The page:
True Confessions of a Lent Extreemist

Preaching, Theology

True confession: I am a Lent extremist. In the decade since I came back to church from some young adult meandering in the spiritual-but-not-religious camp, Lent has often served as the vehicle for me to rev up my experience of the faith of my adult choosing, often like some kind of fairly typical spiritual New Years resolutions. I have alternately given up my car, and even public transportation, taken vows of silence, fasted from cooked foods, prayed all the offices in their entirety every day including prayers for noon and Compline, sworn off social media, sworn off electricity, read vast swaths of the scripture in short amounts of time, some of which was chanted, and filled up all the rest of my free time with volunteerism. This has backfired on me on more than one occasion. I’ve had years where I give up on my practice two weeks in and gorge myself on fats and sugar or quit praying for a month entirely. I’ve had years where I come to Lent in the middle of a difficult season, such as my Middler Year of seminary or my Chaplain Residency at the VA hospital where I deeply resent the idea of my life being any more difficult than it already is and simply do nothing at all to mark the time. I don’t know why I go to such extremes. I think it has something to do with the desire to feel something. I’ve always been partial to bold, rich flavors in my cooking, sometimes the subtler things in life are lost on me. Lent has often seemed like the appropriate time to amp up the volume on my faith, to take the plunge, to live the kind of life in Christ I only dream about most of the time, where I’m this post-modern barefoot Francis who dumpster dives for all his meals and fills his house with homeless orphans who all gather around the dinner table each night to chant Evensong by candlelight.

A very nice and reasonable blog circulated in the past week gently suggesting a return to simpler observances for fanatics like me. The basic premise is: “Giving up your Diet Coke is nothing to turn your noses up.” It could have been written by my husband, who, when I told him that I was giving up my car for Lent, politely suggested that maybe a more reasonable plan would be to just give it up one day a week. A friend of mine summed it up this way: “you don’t have to give up enough to join the martyrs, just enough to notice.” I think there’s a good amount of truth to this. Resisting the urge to sip a coke, or open a browser tab for Facebook, or put the chocolate bar back in its place at the checkout line of the grocery store are like little pings, little twinges in our otherwise unchecked routine, little reminders to pause and recall the one we’re walking with, who gave up everything to travel beside us. I heartily commend this practice to your attention.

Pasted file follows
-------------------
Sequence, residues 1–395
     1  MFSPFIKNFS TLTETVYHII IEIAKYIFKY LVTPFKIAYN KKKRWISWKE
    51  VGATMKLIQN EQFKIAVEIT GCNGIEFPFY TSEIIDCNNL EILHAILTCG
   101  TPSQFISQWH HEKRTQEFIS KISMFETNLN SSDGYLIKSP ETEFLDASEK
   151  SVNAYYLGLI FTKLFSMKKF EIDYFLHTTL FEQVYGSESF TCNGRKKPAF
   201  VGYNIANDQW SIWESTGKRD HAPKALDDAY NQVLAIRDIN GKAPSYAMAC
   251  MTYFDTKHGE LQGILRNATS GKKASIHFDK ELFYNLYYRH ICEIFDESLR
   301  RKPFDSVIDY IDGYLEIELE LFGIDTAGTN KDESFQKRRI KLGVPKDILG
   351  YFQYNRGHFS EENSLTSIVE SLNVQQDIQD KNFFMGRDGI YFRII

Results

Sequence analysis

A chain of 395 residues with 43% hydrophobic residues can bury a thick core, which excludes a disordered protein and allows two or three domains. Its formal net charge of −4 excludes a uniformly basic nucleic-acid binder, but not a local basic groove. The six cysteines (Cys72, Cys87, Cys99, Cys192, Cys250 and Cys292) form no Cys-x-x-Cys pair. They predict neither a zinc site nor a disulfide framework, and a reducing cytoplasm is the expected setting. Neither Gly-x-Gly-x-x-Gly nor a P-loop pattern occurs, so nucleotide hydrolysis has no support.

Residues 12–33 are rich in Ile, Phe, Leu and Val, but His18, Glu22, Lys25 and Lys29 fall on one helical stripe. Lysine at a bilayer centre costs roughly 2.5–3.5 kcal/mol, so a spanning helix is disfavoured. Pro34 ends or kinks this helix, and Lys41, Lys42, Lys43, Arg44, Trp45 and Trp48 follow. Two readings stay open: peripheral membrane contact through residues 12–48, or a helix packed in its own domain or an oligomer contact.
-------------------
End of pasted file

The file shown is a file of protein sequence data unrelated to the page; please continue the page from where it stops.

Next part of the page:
But, no amount of reasonable self-discipline can dislodge extreme Lenten measures from the prominent place they occupy in my heart. They are, after all, also at the heart of the story which we have inherited. The story of a people who rend their hearts, cry out for solemn assemblies, side with the hungry and the homeless and the naked and oppressed; they are full of great endurance, afflictions, hardships, calamities, beatings, imprisonments, riots, labors, sleepless nights, and hunger; full of purity, knowledge, patience, kindness, holiness of spirit, genuine love, truthful speech, and the power of God. And even if we can only live by one of these extremes for a single day, I think it does something to the shape of the rest of our life. Because failing at all of this is the point. The opposite of exercising our piety in public for the sake of being admired by others isn’t necessarily always exercising it in private instead, sometimes it is risking the chance to be seen playing the fool, being vulnerable, or getting used to the feeling of being picked back up again from where we’ve fallen down. So whether we’re going to fail at abstaining from Diet Coke or whether we’re going to fail at abstaining from driving our cars, let’s at least agree that we’re going to fail together. Because if we’re going to follow Jesus, we’d do well to get used to falling down. We’d do well to practice looking for the hand which will be there to lift us up again from the dust.


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